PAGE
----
It was the middle of a Thursday afternoon in Hershey when I visited Domino’s Pizza’s “DominosLive” website, which debuted May 1 and runs at least through May 26.
You can watch Domino’s employees making pizzas daily between 1 p.m. and 1 a.m. Eastern time. But it won’t be your pizza unless you order from a specific Domino’s in Salt Lake City, Utah. It’s in that store that five different cameras are set up and viewable via DominosLive.com.
The idea was developed by global advertising agency Crispin Porter + Bogusky. It’s an extension of the Domino’s Tracker, which permits an online customer to follow the progress of his order from the time it is placed through prep, baking, quality check and delivery.
DominosLive is a gimmick because, after all, what do you care about someone else’s pizza? No doubt it has created some buzz for Domino’s, which has abandoned 30-minute guaranteed delivery in favor of an emphasis on the quality of its pizza. The live stream is designed to showcase the care and attention that goes into each pie.
Besides viewing the live stream, visitors to DominosLive may share their experiences with it via Facebook and Twitter. The promotion has generated media coverage, including from AdWeek.com and the Salt Lake Tribune.
The most pizza-making activity on DominosLive is said to be from 7:30 p.m. to 12:30 a.m. Eastern time.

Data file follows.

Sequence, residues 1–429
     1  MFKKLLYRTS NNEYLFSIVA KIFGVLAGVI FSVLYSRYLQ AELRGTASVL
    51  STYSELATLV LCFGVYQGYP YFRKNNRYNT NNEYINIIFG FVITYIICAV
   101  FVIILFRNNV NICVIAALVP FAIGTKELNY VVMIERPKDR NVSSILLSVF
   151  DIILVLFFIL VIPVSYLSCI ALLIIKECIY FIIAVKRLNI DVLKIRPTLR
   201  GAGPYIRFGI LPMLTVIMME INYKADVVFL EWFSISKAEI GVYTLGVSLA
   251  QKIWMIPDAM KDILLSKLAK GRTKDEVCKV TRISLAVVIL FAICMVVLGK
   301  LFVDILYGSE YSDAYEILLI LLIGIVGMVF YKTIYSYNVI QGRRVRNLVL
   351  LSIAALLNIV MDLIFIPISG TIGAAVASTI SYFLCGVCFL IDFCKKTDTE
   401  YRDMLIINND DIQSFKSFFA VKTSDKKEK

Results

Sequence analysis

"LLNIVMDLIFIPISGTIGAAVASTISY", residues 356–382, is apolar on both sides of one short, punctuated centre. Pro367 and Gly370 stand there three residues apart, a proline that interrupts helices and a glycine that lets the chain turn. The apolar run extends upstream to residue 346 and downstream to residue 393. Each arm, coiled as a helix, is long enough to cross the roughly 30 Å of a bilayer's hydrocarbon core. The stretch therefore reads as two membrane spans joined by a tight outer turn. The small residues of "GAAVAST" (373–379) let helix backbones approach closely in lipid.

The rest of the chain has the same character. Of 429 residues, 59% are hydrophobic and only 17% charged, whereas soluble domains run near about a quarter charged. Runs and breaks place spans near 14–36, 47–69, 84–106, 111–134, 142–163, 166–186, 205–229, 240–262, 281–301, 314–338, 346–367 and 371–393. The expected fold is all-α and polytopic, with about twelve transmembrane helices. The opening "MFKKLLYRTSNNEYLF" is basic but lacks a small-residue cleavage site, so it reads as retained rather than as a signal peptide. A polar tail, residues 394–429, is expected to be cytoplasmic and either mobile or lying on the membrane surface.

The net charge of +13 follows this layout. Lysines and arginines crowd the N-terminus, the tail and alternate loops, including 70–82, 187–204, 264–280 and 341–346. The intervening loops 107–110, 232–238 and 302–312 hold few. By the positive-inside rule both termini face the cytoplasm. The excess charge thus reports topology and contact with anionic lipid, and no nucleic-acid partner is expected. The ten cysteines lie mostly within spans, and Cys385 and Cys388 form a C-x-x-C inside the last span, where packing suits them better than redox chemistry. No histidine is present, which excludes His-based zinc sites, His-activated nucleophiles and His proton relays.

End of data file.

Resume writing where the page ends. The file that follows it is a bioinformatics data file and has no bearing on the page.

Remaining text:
When I watched at 3:44 p.m (1:44 p.m. in Salt Lake City), there was a whole lot of nothing going on. No dough, no toppings, no pies entering or exiting the ovens, no people. That’s not true: Three minutes in, I spotted a pair of legs, then a left arm (the store employees are never shown from the neck up).
AdWeek’s blogger wasn’t too impressed, either: “The footage is almost comically boring, but I suppose that’s what you get with ‘transparency’ – an inside look at a pretty tedious process in action.”
Besides, if you want to see a pizza being made, why not just stop by a local pizza shop? What’s more, the dough that’s being tossed, covered in sauce and cheese, and placed in the oven might even be your pizza.
Make your own pizza pie
If Domino’s really wanted to do something bold, it would seize upon the idea put forth 23 years ago by that visionary Cosmo Kramer on “Seinfeld.” In the episode “Male Unbonding” (the only “Seinfeld” show that doesn’t have “The” in its title), Kramer tries to get Jerry and George to invest in his new concept: a pizzeria where you make your own pizza pie.
KRAMER: “We give you the dough. You smash it. You pound it. You fling it up into the air and then you get to put your sauce and you get to sprinkle your cheese and then you send it into the oven.”
GEORGE: “You know, you have to know how to do that. You can’t have people shoving their arms into a 600-degree oven.”
KRAMER: “It’s all supervised.”
The arms-in-the-oven part notwithstanding, make-you-own-pie is a great idea. A local pizza shop could make that the centerpiece of a terrific kids club activity or children’s birthday parties.